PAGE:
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Beer With Us: 'Dry January' Is The Worst, Best New Year's Resolution

Because not drinking for a month — or even trying not to — might help reduce your overall alcohol consumption in the future.

By Jamal Andress | December 31, 2015

Many people will set many different resolutions this new year, one of which will undoubtedly be to successfully complete Dry January. But is giving up alcohol for an entire month worth it? Yeah, it probably is.

A new study from Health Psychology found people who didn't drink for a month — or even attempted not to drink for a month — reported reductions in their overall alcohol consumption in the following months.

Out of the 857 people who participated in the study, 64 percent successfully completed the Dry January challenge.

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Those who completed the challenge tended to drink less often, get drunk less often and have fewer drinks in one sitting six months later.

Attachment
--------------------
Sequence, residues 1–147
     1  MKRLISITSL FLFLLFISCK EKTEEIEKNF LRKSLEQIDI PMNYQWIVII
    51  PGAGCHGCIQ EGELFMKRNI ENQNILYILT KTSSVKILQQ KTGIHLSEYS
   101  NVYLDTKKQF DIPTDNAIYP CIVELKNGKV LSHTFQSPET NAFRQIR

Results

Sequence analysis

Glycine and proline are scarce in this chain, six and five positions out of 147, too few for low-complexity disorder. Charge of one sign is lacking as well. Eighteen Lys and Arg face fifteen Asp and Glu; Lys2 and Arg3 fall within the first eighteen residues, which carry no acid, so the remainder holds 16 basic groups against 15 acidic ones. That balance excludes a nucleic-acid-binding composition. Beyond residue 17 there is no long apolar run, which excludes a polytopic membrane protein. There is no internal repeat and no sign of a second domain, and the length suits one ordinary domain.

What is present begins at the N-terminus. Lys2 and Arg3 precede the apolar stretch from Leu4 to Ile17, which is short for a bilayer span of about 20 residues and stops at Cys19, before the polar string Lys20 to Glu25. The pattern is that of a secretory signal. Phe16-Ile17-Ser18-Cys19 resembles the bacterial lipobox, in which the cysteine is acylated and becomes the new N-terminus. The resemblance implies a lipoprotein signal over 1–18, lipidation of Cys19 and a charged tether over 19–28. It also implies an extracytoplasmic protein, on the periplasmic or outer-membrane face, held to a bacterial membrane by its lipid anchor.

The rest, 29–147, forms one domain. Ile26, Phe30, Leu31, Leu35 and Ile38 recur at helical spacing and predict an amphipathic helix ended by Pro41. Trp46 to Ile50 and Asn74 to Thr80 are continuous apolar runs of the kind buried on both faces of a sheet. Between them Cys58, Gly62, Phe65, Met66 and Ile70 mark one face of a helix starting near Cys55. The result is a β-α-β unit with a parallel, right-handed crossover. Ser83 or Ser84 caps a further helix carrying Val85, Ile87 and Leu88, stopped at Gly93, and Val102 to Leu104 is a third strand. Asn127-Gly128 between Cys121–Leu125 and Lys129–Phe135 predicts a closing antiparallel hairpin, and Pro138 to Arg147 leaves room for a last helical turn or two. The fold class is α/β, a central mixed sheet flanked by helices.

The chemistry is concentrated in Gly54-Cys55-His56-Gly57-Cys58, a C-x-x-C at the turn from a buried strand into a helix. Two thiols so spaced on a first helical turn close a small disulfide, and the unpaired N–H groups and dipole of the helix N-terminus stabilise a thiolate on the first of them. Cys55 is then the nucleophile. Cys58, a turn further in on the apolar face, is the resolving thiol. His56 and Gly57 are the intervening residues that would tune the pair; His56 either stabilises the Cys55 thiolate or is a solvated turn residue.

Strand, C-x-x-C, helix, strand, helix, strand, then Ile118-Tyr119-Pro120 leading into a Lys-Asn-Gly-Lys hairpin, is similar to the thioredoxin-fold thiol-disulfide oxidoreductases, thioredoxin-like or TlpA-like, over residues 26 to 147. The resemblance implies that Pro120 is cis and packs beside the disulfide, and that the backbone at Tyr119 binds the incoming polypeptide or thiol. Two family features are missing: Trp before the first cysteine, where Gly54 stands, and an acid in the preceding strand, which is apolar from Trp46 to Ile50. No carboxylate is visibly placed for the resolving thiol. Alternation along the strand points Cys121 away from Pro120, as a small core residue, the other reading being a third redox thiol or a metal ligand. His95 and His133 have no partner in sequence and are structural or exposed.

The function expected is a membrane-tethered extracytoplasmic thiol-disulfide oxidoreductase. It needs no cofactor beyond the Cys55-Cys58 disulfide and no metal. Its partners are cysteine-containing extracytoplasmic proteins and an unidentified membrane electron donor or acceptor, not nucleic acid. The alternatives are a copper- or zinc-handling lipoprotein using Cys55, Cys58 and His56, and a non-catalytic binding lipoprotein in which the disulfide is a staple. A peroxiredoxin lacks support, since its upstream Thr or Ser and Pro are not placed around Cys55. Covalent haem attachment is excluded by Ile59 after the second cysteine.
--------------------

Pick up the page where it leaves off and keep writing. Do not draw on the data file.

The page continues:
Plus, past studies have found giving up alcohol for a month can have quick and substantial health benefits: better liver function, lower blood pressure and even a reduced risk of liver disease and diabetes. 

What's more, the researchers noted few of the study participants drank a lot when they started drinking again. 

The one catch for this study, though, is the people who participated did volunteer, meaning they may not be representative of the general public.

And if you stop drinking for a month, you miss out on drinking ... for a month.

This video includes music from Birocratic / CC BY ND 3.0.

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